Fun fact: hop bines climb and hold fast thanks to stiff hairs along the stems. This is what distinguishes them from vines, which grip and hold with tendrils. This also means you may want to wear light gloves when working with your plants, to protect your fingers. 

At the Season’s End

Harvest in late summer when the hops cones are dry to the touch, springy, exude a very strong hops odor and leave some yellow lupulin powder on your fingers. Exact timing varies depending on hops variety, seasonal weather and where you are located in the United States. Check daily and confirm ripeness by picking a test cone. Pull open; it should be filled with thick lupulin powder if it is ripe. Cones that receive more sunlight may ripen a few days before those that are partly shaded by foliage; be aware that you may want to harvest some cones a few days later than other ones. Dry the cones in a paper bag for a week or ten days, opening and shaking gently to redistribute every few days. Store in the freezer in a plastic bag that has had the air squeezed out to prevent oxidation.

Once established - usually after just a season or two - you'll see that growing hops and harvesting from your own plants is both easy and fun. After all, fabulous flavor and aroma in your finished beer comes mostly from ultra fresh hops. And that's what you want for your brew, right?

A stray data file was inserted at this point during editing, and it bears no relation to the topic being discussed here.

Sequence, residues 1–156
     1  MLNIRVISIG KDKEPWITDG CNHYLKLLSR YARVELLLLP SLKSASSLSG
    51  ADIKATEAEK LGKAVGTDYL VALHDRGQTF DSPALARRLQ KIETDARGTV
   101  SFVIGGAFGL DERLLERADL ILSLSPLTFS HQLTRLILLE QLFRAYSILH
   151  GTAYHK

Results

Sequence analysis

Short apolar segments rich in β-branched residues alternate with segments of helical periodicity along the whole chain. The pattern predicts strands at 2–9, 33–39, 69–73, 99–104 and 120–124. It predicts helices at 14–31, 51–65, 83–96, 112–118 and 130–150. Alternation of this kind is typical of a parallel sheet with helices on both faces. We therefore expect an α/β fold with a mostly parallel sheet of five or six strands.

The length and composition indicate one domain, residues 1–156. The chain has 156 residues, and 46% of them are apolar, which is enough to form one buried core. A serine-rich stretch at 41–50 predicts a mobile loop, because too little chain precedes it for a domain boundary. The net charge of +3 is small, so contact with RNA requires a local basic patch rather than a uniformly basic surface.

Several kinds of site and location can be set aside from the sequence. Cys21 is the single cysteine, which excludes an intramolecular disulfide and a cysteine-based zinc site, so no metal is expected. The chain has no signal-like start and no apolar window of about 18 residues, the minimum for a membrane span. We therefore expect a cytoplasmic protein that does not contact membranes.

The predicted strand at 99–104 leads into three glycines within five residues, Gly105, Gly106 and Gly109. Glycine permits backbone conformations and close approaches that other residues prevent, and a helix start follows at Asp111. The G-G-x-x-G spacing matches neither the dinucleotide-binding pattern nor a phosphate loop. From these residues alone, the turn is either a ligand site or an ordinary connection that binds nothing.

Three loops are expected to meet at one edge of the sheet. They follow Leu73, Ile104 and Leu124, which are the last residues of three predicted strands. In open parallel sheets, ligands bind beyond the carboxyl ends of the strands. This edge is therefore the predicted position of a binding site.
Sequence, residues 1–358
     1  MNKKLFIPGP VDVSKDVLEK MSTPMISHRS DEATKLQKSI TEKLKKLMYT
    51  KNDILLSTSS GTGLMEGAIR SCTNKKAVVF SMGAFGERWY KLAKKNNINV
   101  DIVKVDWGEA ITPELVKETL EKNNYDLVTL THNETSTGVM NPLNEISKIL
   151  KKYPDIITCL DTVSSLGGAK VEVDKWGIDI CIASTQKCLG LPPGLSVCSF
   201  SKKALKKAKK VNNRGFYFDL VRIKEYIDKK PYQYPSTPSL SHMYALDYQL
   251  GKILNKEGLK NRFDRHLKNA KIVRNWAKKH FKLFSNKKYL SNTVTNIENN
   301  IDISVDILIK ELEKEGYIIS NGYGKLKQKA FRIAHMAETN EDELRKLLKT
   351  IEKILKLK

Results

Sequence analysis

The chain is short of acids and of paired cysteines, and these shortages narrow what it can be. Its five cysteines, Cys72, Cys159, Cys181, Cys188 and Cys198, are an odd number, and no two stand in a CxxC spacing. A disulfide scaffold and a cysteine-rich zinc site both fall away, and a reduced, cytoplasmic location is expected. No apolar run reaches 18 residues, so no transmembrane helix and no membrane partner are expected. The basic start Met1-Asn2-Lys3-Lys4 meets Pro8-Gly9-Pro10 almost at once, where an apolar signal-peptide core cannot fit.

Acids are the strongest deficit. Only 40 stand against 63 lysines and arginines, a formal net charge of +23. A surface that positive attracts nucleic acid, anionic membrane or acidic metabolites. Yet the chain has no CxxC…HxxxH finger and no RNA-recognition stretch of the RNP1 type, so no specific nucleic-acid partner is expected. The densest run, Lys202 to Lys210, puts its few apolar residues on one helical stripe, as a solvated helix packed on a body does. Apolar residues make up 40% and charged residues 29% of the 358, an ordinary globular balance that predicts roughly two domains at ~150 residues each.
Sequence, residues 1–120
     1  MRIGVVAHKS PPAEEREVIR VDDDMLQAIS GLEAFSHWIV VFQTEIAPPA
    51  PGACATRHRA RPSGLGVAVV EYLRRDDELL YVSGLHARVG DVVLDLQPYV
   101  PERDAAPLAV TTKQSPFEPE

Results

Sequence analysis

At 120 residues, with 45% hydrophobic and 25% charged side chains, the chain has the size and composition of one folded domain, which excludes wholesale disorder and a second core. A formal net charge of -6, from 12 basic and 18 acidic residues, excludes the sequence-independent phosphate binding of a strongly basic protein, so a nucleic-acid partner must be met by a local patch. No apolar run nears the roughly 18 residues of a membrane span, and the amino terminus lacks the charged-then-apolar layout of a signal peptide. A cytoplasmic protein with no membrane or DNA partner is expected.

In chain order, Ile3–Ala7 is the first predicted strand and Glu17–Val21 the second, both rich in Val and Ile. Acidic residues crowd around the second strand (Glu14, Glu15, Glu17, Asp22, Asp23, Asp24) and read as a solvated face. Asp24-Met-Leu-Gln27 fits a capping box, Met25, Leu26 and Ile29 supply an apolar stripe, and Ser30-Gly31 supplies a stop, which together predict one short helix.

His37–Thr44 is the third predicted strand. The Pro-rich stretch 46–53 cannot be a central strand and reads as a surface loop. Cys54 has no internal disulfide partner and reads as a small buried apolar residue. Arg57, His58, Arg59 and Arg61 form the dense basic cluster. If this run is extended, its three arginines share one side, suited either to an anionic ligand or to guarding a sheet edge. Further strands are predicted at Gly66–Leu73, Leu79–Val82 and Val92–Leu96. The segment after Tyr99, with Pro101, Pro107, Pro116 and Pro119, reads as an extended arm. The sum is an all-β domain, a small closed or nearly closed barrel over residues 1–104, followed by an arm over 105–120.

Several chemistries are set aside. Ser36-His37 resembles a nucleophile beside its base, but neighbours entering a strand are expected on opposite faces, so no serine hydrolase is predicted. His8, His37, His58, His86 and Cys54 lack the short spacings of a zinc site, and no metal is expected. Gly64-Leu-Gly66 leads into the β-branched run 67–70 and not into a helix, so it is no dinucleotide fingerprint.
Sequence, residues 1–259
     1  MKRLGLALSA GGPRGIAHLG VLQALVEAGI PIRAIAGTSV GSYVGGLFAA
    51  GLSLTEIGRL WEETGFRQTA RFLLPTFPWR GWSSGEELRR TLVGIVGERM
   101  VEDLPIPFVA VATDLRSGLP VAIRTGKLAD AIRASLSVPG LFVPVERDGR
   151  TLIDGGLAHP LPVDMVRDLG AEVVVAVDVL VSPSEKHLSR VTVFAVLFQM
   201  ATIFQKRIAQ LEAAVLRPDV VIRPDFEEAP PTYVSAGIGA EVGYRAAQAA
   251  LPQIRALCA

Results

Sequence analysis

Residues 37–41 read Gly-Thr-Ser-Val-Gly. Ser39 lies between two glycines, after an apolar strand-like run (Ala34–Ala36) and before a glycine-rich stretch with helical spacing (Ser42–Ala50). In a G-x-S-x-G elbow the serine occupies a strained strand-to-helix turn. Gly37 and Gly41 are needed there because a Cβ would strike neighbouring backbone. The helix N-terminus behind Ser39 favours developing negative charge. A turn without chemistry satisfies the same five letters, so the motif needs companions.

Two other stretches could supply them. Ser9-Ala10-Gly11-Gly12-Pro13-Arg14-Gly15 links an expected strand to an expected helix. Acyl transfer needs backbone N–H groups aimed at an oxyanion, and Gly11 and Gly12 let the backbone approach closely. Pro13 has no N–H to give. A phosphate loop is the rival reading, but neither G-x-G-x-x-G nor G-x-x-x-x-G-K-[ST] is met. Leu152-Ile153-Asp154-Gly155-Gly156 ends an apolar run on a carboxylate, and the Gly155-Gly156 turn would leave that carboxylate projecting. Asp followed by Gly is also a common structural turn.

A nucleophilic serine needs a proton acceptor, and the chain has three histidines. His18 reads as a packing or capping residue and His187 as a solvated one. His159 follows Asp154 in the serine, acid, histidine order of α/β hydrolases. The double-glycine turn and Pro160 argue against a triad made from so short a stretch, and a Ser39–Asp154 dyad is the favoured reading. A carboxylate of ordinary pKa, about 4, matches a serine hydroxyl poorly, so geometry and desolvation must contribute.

Spent bines can be trimmed in late fall or left in place over the winter; sometimes they are useful as a visual or wind block. Cut to within a few inches of the ground in late winter before new spring growth appears. Once new season sprouts appears - often early and they are fast growing - it can be challenging to work around the fresh sprouts to snip and pull out last year's dead stems.

Insider Tips

  1. Hops can be poisonous to dogs. Do not plant where your dog might chew and ingest.
  2. Hop bines grow very tall, often over 20 feet. For landscape use where space is limited, that growth can be directed sideways to cover a chain link fence or other less-than-beautiful structure.
  3. Cut back to hops plants in late fall if you don't like the look of the dried stems and foliage. Trim stems to a few inches above the soil in late winter, before new growth emerges. Trimming out the old stems after the new have started to sprout is no fun.
  4. When you trim your hops (use gloves, these can be a bit prickly) at the end of the season, repurpose the cut stems. Twist into simple circles, tucking the ends into the body as your go. Press the sides to round out the results. These bines make pretty wreaths and lush frames around centerpieces on large dining tables. Cut hops start out bright green and age to a lovely autumnal gold.
  5. Root prune your plants to contain them. Each spring, dig a 15" circle, 12" deep into the soil around each plant. This helps to keep the plants confined and their energy focused on top growth.
  6. Iso-alpha acids are created when fresh or dried hops are added to the boiling liquid during the brewing process. These acids are what produce the hops bitter flavor associated with so many beer styles.   
shop hops
shop hops

Success Snapshot

Light: Full sun

Soil: Fertile and well drained

Depth: Plant 4" deep

Water: Generous moisture

Uses: Beer brewing and covering trellises

Tip: Choose a planting location thoughtfully; hops grow huge

GUIDE: Hops Planting Guide

They Start Out Looking Like This: